It's already been a while since i wrote a post, and i swore this time around i'd be better, but to be totally honest it feels like i've been living at breakneck speed the last three weeks. After the spring marathon, i had hoped to have another good week's training ready for the Midlands XC race on my favourite course of last year at Hanchurch near Stoke. It's a great place to ride a bike, and the BETD/Goldtec guys helped by a certain Mr. Brookes always put on an excellent testing course, with proper climbs to test your legs, and tricky twisty descents to make sure you've been riding your mtb in the off season. Last year i had a less than perfect race when a catalog of errors led to me spending the night sleeping in the car (even at my height, a fiesta is not a comfy bed) and then having only milk to drink to stay hydrated in the hours leading up to the race. Feeling rather better this year, and with a slightly more cohesive plan in mind, i fancied my chances of improving my finish position.
Tuesday morning, and things were looking good - i did a turbo session in the morning before heading out the door to work, knowing that in the evening i'd be boarding a plane to Germany. I'd got it all planned out, i'd take my running shoes and do an hour's run around Werne on Wednesday, and fly back Thursday which would give me time to rest and recover. I saw the sights of Werne at 7am, the joys of a 1hr time difference being enough to get me up and out early before breakfast, and went jogging along the river on a pleasant spring morning. Thursday was the day to return and prepare. A friendly little country called Iceland had other ideas however. As the day wore on, it became more and more clear that i wouldn't be heading home after all - my colleague and I made plans to stay in Dusseldorf over night in order to get a flight early Friday morning. Finding somewhere to stay on Thursday evening proved more of a struggle however, as a "wire expo" (i seriously can't imagine who would go to this, or why!) had been on in the city, and thousands of other Brits were also stranded unable to fly home. We finally got into a slightly grubby hotel that was only a few years away from charging by the hour, and went to sleep.
Friday dawned to silence from the airport, the ash cloud has spread and now the German airports were closing too. We decided to cut our losses and head for Brussels - then we had the option of the Eurostar, a ferry from Oostend or a flight if the airports reopened. And it was a much better place to be stuck than Dusseldorf to boot. We checked into a rather plush hotel in the centre for what would be the first of three nights, and i got my first acquaintance with the running machine in the gym. On the train journey, we passed through several extremely picturesque villages and towns in the Belgian Ardennes that i'm very keen to go back and visit, in particular Verviers which was the location chosen for the 2007 world mtb marathon championships. Let's face it, a country obsessed with chocolate and cycling has to be my spiritual home! Once we got to Brussels, following the alternative train route suggested to us by a friendly Belgian man at Dusseldorf, and checked in, i have to admit a wave of relief passed over me. Annie, our star organiser had arranged some Eurostar tickets for monday morning, we had somewhere to stay, and things were looking up. It was only later that it occurred to me that getting back on Monday meant i would miss the Midlands race, and also not see Rachel for nearly two weeks as she headed up to the Dalby World Cup on Sunday.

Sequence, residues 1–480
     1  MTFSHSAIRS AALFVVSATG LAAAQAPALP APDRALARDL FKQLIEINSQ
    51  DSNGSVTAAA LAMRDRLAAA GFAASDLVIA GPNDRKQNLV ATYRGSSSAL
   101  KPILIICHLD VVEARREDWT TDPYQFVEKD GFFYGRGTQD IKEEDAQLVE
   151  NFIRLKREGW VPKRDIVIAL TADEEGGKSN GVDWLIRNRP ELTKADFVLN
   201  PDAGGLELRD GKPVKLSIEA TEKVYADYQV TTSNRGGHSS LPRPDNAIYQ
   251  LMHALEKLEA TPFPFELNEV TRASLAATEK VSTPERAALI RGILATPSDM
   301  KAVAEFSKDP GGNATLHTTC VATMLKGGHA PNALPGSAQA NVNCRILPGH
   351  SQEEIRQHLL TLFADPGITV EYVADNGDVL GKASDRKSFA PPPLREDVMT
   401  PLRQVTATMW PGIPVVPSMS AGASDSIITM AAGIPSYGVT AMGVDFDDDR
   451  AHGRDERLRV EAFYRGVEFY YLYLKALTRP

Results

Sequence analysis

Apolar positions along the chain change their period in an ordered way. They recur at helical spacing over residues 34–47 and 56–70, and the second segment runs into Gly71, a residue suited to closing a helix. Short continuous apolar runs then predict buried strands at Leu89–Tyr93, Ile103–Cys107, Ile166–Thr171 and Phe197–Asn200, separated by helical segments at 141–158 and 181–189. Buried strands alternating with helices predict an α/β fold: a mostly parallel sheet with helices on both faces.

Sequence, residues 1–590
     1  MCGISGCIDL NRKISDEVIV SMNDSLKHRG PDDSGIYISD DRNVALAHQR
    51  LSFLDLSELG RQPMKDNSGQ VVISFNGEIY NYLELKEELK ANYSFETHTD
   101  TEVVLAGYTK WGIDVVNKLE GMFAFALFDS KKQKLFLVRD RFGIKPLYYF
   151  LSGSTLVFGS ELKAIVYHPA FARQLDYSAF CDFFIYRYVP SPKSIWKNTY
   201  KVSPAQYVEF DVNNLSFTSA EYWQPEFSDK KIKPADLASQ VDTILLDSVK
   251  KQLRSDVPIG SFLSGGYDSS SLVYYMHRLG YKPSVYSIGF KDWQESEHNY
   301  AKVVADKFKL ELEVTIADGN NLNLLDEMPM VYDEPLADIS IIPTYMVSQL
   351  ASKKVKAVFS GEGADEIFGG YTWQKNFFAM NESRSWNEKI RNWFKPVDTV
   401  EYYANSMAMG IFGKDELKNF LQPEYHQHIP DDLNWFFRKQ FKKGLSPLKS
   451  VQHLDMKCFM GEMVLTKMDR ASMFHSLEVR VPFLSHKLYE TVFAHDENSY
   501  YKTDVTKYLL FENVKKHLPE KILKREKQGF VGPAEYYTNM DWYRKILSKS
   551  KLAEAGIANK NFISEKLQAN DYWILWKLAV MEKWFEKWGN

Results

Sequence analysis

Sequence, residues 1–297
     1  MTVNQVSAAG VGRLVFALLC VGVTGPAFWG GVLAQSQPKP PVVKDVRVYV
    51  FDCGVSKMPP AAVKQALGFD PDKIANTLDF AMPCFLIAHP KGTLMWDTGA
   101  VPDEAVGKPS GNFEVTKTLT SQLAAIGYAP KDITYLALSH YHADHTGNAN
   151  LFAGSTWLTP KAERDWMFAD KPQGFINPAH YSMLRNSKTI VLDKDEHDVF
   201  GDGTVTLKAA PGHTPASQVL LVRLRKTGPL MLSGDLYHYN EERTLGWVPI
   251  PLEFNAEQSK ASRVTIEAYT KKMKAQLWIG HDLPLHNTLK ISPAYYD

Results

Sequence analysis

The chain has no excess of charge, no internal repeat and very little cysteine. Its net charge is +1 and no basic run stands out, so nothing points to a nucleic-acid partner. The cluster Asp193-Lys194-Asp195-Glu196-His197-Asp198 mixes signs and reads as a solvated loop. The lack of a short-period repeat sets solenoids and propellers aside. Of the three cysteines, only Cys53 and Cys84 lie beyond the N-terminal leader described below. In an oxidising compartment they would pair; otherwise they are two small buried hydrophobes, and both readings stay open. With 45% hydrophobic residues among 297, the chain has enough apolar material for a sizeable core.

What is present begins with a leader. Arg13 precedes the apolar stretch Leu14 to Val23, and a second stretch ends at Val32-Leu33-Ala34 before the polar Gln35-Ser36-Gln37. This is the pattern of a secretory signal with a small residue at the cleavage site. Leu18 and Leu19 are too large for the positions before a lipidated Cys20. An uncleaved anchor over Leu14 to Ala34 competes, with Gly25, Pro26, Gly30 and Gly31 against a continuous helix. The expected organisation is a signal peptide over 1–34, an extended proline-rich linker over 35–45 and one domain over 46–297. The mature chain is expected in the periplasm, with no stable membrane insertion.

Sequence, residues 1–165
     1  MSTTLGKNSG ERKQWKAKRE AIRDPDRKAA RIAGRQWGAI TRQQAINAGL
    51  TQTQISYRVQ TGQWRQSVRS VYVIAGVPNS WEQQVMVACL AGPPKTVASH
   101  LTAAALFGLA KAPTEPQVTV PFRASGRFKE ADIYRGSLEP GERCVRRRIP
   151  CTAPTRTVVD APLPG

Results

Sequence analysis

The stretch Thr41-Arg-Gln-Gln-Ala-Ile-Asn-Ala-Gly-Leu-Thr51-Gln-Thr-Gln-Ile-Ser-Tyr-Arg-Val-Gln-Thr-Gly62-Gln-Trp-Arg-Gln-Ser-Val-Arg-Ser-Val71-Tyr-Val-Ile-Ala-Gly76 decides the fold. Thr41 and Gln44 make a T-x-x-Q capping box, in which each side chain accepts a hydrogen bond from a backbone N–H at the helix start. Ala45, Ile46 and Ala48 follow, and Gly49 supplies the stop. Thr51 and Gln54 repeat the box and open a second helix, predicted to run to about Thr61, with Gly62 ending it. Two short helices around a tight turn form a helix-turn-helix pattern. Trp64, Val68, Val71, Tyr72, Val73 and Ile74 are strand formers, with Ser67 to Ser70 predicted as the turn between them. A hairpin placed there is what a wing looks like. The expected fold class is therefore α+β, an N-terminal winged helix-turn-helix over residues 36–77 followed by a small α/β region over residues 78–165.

The days in Brussels passed in a haze of foraging for somewhere to eat, trying to find out what was going on transport-wise and even a little sightseeing. It was pretty cool to go the atomium (http://www.atomium.be/) a giant exhibit for the 1958 world's fair in the shape of a body centred cubic crystal structure unit (oh my, i still remember some materials science!), and filled with exhibits from the 1950s and '60s. As i implied earlier, i spent a lot of quality time with the running machine in the evenings to make up for my lack of bike training, and also because it made the amazing Belgian stews taste even nicer when i was hungry from a bit of excercise. Finally, monday morning arrived, and after a nervous wait to collect our tickets (apparently etickets don't count!). After a mad dash to the platform, the actual trip back home was a bit of a blur. I got back to find i'd left my lights on in my car six days earlier, and needed a new battery, and then once i finally got home discovered my cat had been duffed up by the local bully and needed a trip to the vets. What a life.
Things have settled down a bit now, Rachel's back from working at Dalby, and training is back in the swing - in fact it even felt like i hadn't lost much through 6 days with no bike. I guess time will tell...